, a lifelong Hartford resident, was first elected in 2010 to the Connecticut General Assembly where he represents the 1st Assembly District in Hartford. Matt currently serves as the Co-Chairman of the Legislature's Public Health Committee
and is also a member of the Banking Committee
, and Planning and Development Committee
. Since being elected in 2010, Matt has received several awards and recognitions. In 2014, Matt was named one of the Hartford Business Journal's "40 Under Forty".
HYPE member Klejdis Radomi interviewed Matt for HYPE's public office blog series. The series focuses on interviewing public officials from different towns in which HYPE members may be interested in running for public office. One of our goals is to provide assistance by offering someone for members to reach out to.
What made you want to run for office?
Matt grew up in a politically affluent family; both his father and grandfather were active in the community and the passion for it was passed down to him. During his time at UConn School of Law, Matt volunteered in multiple campaigns further instilling in him the importance of running for public office. He was struck by the young growing Hartford scene and wanted to be a part of the change and help his community progress.
How far in advance did you choose to run?
Matt was elected to City Council in November of 2007, but did not finish his term because he was elected to the General Assembly in 2010. For the 2010 election, he decided to run a year in advance. This gave him ample time to get acquainted with his constituents and really learn how to best serve them.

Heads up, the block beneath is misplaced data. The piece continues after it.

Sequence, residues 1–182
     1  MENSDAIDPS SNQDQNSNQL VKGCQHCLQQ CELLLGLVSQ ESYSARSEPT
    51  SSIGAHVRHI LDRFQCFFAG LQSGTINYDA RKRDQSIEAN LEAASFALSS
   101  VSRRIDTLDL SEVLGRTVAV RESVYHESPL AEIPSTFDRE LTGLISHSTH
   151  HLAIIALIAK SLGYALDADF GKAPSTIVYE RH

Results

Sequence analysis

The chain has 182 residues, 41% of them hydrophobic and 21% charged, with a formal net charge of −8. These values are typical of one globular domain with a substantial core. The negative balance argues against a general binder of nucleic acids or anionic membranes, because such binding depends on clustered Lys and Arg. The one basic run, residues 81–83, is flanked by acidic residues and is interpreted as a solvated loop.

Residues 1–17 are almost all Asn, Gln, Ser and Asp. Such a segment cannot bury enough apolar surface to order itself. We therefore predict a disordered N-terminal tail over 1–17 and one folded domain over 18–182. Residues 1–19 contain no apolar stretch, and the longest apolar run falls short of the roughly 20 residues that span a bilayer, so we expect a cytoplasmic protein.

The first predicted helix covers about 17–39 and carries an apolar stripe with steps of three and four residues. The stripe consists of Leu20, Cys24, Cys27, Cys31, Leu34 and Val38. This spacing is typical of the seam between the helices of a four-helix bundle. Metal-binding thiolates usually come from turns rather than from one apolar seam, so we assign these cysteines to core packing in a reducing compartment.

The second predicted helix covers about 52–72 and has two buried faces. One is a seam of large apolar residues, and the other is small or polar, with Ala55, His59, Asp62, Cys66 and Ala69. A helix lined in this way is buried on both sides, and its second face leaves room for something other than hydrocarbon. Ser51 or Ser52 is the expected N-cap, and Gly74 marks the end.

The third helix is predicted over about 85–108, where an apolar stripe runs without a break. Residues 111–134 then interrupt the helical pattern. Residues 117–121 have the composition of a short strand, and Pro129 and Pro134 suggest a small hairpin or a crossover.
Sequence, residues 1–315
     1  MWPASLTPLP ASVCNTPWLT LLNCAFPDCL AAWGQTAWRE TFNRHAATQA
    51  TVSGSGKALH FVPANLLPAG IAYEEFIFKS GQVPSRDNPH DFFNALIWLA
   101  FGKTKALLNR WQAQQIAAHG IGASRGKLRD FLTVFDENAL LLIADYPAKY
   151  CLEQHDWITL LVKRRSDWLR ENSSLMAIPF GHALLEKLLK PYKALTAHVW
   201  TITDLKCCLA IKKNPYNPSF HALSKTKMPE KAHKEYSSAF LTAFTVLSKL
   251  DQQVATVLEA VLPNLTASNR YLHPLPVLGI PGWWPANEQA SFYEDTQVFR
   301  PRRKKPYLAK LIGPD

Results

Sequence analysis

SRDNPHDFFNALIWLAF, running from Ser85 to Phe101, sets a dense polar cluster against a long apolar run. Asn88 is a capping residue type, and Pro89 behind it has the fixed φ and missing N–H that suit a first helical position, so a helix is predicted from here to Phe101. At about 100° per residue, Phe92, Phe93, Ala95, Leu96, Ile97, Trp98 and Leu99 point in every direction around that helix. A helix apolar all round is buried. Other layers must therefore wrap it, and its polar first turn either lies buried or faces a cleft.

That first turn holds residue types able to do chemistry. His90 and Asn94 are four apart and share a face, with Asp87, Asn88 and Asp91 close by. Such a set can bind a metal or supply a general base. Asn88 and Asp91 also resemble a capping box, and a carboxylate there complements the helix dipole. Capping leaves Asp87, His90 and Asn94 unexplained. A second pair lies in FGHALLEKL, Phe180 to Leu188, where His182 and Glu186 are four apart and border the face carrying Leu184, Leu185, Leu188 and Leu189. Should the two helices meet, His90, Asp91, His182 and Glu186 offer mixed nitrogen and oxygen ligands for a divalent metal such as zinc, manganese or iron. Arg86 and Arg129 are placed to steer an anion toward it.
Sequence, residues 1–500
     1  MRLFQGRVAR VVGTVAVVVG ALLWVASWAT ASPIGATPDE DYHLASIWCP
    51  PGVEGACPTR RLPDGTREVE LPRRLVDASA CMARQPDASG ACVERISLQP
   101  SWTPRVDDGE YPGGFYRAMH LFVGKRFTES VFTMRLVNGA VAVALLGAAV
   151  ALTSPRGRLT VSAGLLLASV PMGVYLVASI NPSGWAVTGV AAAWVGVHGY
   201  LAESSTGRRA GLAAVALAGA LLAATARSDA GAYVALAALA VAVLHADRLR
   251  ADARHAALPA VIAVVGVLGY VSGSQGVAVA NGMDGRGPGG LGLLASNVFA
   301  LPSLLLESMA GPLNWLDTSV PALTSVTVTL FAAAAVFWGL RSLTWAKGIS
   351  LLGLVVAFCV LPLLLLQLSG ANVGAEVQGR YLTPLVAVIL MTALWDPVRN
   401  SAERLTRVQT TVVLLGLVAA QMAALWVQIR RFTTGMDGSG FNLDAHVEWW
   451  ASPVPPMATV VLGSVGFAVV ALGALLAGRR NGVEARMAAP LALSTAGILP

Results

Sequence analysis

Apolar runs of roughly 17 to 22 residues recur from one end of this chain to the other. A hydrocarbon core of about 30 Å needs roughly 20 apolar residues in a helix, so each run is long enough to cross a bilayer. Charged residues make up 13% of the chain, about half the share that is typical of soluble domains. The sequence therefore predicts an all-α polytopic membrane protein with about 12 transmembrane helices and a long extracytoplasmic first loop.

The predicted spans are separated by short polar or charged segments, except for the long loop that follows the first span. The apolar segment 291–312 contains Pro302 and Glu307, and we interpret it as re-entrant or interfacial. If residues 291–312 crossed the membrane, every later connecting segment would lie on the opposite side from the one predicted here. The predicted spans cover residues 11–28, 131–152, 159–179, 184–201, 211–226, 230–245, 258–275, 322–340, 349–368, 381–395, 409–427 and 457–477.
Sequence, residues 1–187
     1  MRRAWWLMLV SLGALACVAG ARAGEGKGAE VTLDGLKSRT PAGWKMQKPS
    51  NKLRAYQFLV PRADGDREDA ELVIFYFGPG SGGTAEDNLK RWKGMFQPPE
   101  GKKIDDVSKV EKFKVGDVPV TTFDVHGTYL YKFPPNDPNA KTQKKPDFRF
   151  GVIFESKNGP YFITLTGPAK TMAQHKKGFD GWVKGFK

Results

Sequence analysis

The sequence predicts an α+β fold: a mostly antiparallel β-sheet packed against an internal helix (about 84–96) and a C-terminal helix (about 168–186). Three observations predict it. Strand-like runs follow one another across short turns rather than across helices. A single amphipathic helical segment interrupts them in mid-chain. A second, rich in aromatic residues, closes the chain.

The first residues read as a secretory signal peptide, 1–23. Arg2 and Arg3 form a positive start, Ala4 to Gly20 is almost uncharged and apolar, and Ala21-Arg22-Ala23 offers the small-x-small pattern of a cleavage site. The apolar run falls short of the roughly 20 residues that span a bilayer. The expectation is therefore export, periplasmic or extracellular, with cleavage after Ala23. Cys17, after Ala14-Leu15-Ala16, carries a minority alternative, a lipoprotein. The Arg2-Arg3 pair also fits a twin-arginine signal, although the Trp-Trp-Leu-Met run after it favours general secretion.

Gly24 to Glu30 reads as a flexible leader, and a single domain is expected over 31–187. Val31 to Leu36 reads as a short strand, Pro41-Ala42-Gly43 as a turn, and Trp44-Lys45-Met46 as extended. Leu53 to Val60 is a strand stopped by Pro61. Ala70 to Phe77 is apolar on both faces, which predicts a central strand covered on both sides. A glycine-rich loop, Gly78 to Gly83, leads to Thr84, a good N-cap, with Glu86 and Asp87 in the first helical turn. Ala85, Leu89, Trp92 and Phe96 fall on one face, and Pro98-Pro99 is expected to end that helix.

What are three tips you have for getting elected?
Get involved: There are always opportunities to get involved within your community. Matt suggest getting out there and talking to people, as learning about their issues will help you connect to your constituents.
Utilize Candidates in office: Candidates that are already in office have gone through the ringer and will be able to help you with your path.
Get on a City Board or Commission: Volunteering in the city before running for a public office is a great way to learn the political process and make a difference. City boards and commissions are always looking for young perspectives to create a more diverse decision making process. Overall, Matt encourages those who are running for office to get to know the city and the people who you will be serving.
What do you think potential candidates should know before deciding to run for office?
First and foremost, Matt recommends talking to your employer. The schedule for an elected official can be very hectic, especially while in session. It is important to have your employers support and understanding as you run for office and ultimately achieve your goal. It is also crucial to talk to your family! You truly need the support and blessing of your family and the people around you.
How have you leveraged social media while running for office, and now holding office? What have you found to be effective that you would recommend to others?
During his time in office, Matt has been able to really utilize social media, especially Facebook. On his page he is able to share with his constituents upcoming events and photos and really get their feedback on issues that are important to them. He also sends out email blasts with important information to keep everyone in the loop.
Why is it important for more young professionals to run for office and be more civically engaged?
In the not so distant future, millennials will be the leaders in the region. With Connecticut facing struggles, including ways to recruit and retain young talent, the work that HYPE is doing is vital to the region. Matt believes we need an active, engaged community in order to be able to achieve goals and continue making Hartford a great place to not only work, but to live and grow a family.
How would you recommend a young professional get involved in the City of Hartford?
Matt encourages those who want to get more involved to volunteer, join a non-profit board, or reach out to your Legislator.